Wednesday, November 22, 2006

Essential Diagram Improvements

The following video is part of a submission to Syncfusion on some requested improvements to their Essential Diagram product. Though it seems like it recently, I won’t be burying this blog with videos related to product support. It’s just convenient to visually describe a problem or a functionality request and not have to be worried about compressing the video enough to get through file attachment limits on a particular support site. The Syncfusion support system has a 2MB limit for attachments which is reasonable for coding related files.. Unfortunately video files (even screencasts) can quickly get over 2MB with very little audio or resolution. It seems like video, both the production and viewing of it, is going to drive the need for more powerful processors, more memory, more disk space and more bandwidth in the coming years. So even if today’s PCs seem plenty powerful, there’s plenty of demand for more power in the video driven applications.

Syncfusion Tabs and iTunes

I discovered a strange display problem when using a Syncfusion based application layered over the top of iTunes. Occassionally the whole application window gets repainted if an iTunes window is below it. It happened when interacting with their advanced tab control and the iTunes window was below it. See the video on the blog web site for a demo of the problem. This has been posted mainly to have an easy way to describe the problem for the Syncfusion support department. I don’t know whether it’s a Syncfusion or an iTunes issue at this stage.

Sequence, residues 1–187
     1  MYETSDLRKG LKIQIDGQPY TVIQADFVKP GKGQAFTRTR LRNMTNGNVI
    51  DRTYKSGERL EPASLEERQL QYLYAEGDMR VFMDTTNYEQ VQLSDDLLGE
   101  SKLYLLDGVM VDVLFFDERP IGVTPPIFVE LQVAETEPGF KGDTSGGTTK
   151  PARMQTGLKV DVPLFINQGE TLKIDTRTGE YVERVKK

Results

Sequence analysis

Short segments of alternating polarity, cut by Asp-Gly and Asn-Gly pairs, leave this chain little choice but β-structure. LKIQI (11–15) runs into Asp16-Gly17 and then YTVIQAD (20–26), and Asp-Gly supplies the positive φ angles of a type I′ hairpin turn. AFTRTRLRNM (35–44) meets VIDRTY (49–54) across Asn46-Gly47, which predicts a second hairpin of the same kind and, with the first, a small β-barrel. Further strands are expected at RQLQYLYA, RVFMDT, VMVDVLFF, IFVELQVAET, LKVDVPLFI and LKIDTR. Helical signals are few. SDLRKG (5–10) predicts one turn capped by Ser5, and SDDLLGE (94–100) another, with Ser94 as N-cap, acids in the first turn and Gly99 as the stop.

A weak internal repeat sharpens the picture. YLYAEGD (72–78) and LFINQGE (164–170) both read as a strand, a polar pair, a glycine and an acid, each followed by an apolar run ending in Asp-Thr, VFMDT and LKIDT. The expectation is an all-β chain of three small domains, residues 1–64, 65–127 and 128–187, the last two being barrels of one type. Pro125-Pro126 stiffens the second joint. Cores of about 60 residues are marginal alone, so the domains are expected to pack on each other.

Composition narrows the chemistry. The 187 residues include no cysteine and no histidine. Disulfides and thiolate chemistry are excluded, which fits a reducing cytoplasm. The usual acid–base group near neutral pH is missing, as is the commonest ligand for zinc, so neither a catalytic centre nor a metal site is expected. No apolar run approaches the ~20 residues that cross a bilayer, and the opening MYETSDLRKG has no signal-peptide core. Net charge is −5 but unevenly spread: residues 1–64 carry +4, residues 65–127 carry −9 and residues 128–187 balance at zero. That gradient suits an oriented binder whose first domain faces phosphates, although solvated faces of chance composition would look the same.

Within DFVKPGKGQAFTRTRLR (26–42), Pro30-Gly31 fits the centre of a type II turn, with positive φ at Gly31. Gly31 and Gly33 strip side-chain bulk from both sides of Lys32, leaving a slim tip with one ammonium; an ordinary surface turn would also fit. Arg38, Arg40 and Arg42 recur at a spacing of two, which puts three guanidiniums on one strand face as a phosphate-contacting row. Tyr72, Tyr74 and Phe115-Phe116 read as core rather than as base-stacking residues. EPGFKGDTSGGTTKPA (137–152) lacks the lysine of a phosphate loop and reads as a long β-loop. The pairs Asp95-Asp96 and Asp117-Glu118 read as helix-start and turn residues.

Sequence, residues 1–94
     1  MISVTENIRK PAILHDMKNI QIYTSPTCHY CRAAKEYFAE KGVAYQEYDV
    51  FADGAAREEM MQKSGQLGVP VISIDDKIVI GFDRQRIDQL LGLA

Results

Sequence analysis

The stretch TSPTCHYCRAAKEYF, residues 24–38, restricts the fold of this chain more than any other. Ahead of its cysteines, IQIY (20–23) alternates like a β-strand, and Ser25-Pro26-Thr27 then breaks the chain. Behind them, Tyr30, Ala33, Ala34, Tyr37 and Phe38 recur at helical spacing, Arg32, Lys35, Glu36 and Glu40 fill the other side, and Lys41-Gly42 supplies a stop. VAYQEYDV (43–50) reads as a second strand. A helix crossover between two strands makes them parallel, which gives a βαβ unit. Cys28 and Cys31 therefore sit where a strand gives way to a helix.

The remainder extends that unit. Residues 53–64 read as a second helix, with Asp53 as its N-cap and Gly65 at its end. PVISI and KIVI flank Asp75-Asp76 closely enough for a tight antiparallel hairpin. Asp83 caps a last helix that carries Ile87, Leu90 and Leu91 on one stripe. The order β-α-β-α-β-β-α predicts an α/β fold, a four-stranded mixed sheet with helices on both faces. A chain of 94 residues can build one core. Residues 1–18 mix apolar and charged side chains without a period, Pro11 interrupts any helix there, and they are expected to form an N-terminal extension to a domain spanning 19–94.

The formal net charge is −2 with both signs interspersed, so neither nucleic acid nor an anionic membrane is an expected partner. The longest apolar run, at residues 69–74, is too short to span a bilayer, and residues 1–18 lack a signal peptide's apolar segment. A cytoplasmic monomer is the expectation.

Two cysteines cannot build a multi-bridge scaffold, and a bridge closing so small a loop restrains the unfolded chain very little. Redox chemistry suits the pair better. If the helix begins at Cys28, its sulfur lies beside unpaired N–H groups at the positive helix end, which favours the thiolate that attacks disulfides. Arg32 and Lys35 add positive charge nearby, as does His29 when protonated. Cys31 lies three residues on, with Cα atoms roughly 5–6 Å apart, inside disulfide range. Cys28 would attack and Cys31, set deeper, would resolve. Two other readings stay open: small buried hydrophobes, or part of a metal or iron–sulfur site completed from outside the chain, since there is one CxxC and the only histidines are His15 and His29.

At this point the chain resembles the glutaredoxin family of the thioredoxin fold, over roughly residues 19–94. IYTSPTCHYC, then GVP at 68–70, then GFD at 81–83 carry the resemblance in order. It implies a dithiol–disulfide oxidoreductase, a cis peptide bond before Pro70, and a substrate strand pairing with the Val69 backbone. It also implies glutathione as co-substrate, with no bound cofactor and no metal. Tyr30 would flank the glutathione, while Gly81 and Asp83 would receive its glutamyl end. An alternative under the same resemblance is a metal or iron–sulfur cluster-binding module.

Sunday, November 19, 2006

MacroView, XAML and EID - New Player Approach

As mentioned in a previous post, there are some good free video hosting services around these days but there are pros and cons with using them. The approach that will be taken now is to use a hosting company with good value for both disk space and bandwidth usage plus the addition of a flash based video player hosted on a torq site. The expected bandwidth volume isn’t high (i.e. not consumer level volumes) so taking this approach is reasonable. I toyed with idea of developing a flash video player in house, but its hard to beat the value inherent in something like This blog post includes the embedding of a pre-existing screen cast, this time at 640x480 resolution. There’s also been additions to the main menu of the torq web site. Soon these will be augmented by videos from the MacroView 2006 User Group which was a great success.